Los Angeles Mother's Kitchen

Los Angeles Mother's Kitchen began in the 1990's with Raduca Kaplan organizing veggie stew and peanut-butter sandwiches for the homeless.  Soon she joined forces with Project H.O.P.E. (Helping Other People Eat) which had legal permission to distribute food to the homeless in the Santa Monica beach district, providing over a thousand meals per month.  Since then, Los Angeles Mother's Kitchen is additionally providing  a monthly luncheon at the Los Angeles Downtown Women's Shelter.

Amma's devotees in Los Angeles have never lacked enthusiasm!  Please read the following accounts by Los Angeles Mother's Kitchen seva participants:

Anita shares: "I joined Mother's Kitchen to help feed the homeless. In truth, it was the beautiful, wise, funny and fierce ladies of the Downtown Women’s Center who fed my heart, spirits and soul each and every time. It felt like spending Sunday mornings hanging out with 150 of my best sisters, cousins, aunties and grandmas."

Elizabeth shares: "I remember the face of hunger changing radically during the recession. Friends and neighbors began losing their homes. Families with small children needed help with meal support, socks and warm coats."

Visuddha shares: "When I first began serving the homeless meals in Santa Monica it was through the LA Satsang. It was a casual sharing of food in the park. The numbers of homeless is nothing like today.  By getting involved I started not being afraid to make a connection with homeless people. I said hello, asked how they were doing, and we looked into each others eyes.  I melted and my heart opened.  The gratitude was clear and I loved doing it.

"I wanted to do more but doubted I could cook for such large numbers.  In my small kitchen I found myself working very hard and feeling tired by the end of it.  Yet, when it came time to deliver the food, I started to feel my energy come back as I arrived and saw all the faces waiting to be served. My mind did not focus on my body. My spirit was ready to serve the food to others.  The more I served the food, the more I would get energy from the experience.  I would come home a bit tired yet mostly peaceful that I had contributed in some way to making this world a kinder place."



Bhavesh shares: "Ever since I began volunteering on Sunday mornings for Mother's Kitchen Seva many years ago, I have found the experience so inspiring and full of joy!  The teamwork and delicious food we prepare by Amma's Grace and Guidance and serving the lovely women at the Downtown Women's Center has truly been a great seva experience. Food preparation is one of the many loving things we can offer as seva to others. In India, the offering of food to others and those in need is considered a sacred tradition referred to as 'Annadanam'."


From Jill and Chetana, past and present coordinators of Los Angeles Mother's Kitchen: "We started co-coordinating in 2009 after Elizabeth Tobias.  Raduca Kaplan was our first coordinator starting in the early 1990's serving veggie stew and peanut butter sandwiches in the park in Santa Monica."

Chetana shares: "For me, Mother's Kitchen was a beautiful opportunity to break bread and deeply connect with others. I have a wonderful collection of experiences that have made a lasting, meaningful impression. It's a sweet pleasure recalling several events that stand out."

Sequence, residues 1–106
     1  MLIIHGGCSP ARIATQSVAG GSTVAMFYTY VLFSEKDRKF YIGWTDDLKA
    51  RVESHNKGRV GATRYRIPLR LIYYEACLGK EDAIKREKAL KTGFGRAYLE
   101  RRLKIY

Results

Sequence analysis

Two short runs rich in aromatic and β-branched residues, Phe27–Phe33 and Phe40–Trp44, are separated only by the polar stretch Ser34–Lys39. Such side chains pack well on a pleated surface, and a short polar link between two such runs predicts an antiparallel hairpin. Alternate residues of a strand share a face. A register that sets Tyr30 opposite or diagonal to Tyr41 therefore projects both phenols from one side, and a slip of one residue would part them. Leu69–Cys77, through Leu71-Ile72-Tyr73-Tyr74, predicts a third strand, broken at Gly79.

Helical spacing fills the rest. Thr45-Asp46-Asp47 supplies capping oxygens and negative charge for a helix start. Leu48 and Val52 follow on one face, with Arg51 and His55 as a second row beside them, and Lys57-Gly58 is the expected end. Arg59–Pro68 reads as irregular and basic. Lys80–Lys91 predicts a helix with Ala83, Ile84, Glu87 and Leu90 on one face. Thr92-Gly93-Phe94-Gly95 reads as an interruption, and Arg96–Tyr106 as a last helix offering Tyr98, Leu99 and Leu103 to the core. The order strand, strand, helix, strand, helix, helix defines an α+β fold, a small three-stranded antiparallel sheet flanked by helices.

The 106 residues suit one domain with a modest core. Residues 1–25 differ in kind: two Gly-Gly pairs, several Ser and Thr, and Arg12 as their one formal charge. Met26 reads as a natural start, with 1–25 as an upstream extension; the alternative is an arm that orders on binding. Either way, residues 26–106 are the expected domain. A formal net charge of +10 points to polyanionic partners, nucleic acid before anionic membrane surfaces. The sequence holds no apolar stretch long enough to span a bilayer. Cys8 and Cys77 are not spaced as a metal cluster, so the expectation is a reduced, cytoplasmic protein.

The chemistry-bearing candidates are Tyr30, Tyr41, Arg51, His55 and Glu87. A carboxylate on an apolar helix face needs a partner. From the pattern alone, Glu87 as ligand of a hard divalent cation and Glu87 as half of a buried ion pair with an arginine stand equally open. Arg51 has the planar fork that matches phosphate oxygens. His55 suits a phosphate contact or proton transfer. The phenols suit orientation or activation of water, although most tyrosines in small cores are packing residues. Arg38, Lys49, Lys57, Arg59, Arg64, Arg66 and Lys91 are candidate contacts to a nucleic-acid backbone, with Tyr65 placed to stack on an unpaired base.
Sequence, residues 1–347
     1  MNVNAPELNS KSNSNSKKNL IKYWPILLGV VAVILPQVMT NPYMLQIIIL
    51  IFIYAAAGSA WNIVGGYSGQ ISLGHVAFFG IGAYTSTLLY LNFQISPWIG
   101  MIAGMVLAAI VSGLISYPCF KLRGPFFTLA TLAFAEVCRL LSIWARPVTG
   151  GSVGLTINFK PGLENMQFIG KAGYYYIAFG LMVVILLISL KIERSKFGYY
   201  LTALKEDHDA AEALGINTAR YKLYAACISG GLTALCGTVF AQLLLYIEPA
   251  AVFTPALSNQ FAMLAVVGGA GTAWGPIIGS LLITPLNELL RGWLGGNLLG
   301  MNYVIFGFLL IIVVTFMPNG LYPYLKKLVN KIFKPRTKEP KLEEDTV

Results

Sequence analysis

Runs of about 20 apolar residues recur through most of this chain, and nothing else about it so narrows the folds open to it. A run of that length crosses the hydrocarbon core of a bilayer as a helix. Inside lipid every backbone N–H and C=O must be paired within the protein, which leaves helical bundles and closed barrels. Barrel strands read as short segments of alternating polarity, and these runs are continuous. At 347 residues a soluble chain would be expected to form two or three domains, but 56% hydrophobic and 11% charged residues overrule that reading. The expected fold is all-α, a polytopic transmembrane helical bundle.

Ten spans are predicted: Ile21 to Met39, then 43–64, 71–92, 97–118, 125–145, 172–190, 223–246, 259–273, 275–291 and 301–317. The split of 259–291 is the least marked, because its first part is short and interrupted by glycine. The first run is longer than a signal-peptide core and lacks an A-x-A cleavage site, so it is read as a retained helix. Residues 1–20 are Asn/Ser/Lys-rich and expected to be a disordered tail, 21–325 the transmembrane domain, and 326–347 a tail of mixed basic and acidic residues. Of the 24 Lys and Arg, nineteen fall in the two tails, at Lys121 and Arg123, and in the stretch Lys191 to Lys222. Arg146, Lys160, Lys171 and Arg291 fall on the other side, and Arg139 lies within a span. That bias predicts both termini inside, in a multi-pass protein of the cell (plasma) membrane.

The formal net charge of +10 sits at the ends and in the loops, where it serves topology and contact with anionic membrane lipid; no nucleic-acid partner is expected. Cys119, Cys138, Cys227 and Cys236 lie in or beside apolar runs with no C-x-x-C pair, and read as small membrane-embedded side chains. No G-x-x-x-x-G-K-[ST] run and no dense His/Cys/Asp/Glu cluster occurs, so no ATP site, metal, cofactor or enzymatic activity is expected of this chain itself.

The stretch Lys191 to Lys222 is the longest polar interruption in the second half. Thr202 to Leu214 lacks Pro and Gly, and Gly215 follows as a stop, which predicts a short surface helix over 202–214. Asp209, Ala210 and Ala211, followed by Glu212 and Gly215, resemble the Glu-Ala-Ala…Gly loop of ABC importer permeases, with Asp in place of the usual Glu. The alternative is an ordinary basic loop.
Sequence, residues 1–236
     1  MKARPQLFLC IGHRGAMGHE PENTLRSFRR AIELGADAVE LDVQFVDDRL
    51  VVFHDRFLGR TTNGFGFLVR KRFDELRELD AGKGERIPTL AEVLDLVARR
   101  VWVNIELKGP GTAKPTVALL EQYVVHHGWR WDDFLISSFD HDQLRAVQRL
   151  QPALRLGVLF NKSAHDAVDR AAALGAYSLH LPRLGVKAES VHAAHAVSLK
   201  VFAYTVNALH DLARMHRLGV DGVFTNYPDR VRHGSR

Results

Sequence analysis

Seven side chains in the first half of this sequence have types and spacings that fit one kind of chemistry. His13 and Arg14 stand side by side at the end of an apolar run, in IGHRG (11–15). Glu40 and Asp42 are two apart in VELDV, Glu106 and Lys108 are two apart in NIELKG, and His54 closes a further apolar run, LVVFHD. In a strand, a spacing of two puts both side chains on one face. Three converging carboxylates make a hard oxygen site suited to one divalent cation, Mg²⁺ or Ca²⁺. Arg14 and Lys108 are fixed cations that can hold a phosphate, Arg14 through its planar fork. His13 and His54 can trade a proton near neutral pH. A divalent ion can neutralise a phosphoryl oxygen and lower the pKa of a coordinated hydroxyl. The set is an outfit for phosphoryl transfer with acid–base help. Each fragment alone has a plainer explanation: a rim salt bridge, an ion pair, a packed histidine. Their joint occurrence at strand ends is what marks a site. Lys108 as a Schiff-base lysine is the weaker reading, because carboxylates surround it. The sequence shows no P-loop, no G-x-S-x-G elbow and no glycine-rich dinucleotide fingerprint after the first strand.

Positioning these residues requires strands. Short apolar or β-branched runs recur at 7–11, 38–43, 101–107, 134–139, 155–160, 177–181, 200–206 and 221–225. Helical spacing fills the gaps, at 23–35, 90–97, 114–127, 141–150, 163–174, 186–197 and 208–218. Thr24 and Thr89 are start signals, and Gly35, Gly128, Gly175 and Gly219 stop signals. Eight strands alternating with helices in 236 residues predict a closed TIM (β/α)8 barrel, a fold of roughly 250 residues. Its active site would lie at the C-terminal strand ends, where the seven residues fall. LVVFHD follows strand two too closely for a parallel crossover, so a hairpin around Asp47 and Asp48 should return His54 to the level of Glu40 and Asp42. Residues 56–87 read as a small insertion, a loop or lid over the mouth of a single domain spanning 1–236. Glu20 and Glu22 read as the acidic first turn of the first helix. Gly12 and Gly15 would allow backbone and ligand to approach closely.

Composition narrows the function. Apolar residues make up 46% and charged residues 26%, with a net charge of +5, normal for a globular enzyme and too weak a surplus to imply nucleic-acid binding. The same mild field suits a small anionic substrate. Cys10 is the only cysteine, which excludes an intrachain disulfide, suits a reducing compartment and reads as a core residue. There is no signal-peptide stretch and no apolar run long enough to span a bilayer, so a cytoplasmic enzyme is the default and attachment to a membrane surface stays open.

Jill shares: "
Here is a story that still makes me laugh: Chetana and I were announcing the dishes we made for lunch to the ladies at the old Downtown Women's Center location.  Blank stares at the mention of lentil curry.  Finally a woman shouted "What's a lentil?"  Most had never heard of it much less tried one!  Imagine our pride when everyone had seconds!  A couple months later the same woman gave us a lecture on exactly which type of lentil she preferred!"


Nicole shares: " When I met Amma 15 years ago I was very curious about the people lucky enough to do the Arati or other forms of devotional service close to Amma when she came to Los Angeles. Around that time, Mother's Kitchen tried to make a fundraiser using my house as the venue for a raw food workshop.  It was a lot of work and not many funds were raised, so after that I would just call  the Mother's Kitchen coordinator and send money when it was needed.

"Sometimes for no good reason I will wake up and wonder "Is Mother's Kitchen out of funds?"  Jill lets me know if they are low and we start the process of me sending a check and it getting processed.  When I had an assistant I would send him to drive the food where it was needed and that felt good too.  

"I am very blessed to be able to help and, of course, Amma, knowing my secret wish, found a way to get me on the list for doing Arati since I am a volunteer. I may be the volunteer that no one ever sees, but my heart is with the Mother's Kitchen every day. It has been an honor to find ways to serve that do not interfere with my kid raising and work. 

"So get involved, people!  There are many many ways."

Our Beginning...
In 1996, people inspired by Amma's teachings about serving the poor asked her if they should find a place with a real need and try to help. When Amma said yes, they found a small soup kitchen in west Oakland serving free meals every weekday while operating on a shoestring budget. Mother’s Kitchen began serving hot meals there twice a month, soon adding bagged lunches too.  Very soon, Mother's Kitchens began popping up all over the map, first in Dallas and Seattle, then Los Angeles, San Francisco and New York, and we are now at 50 plus in the United States, Canada and Central America, serving over 150,000 meals annually. Our bi-monthly Newsletter will highlight the wide variety of Mother's Kitchens across the country.

Join us to make a difference. Check the Mother's Kitchen closest to you here >>.

Serving the Hungry . Helping the Homeless . Spreading Amma's Love .

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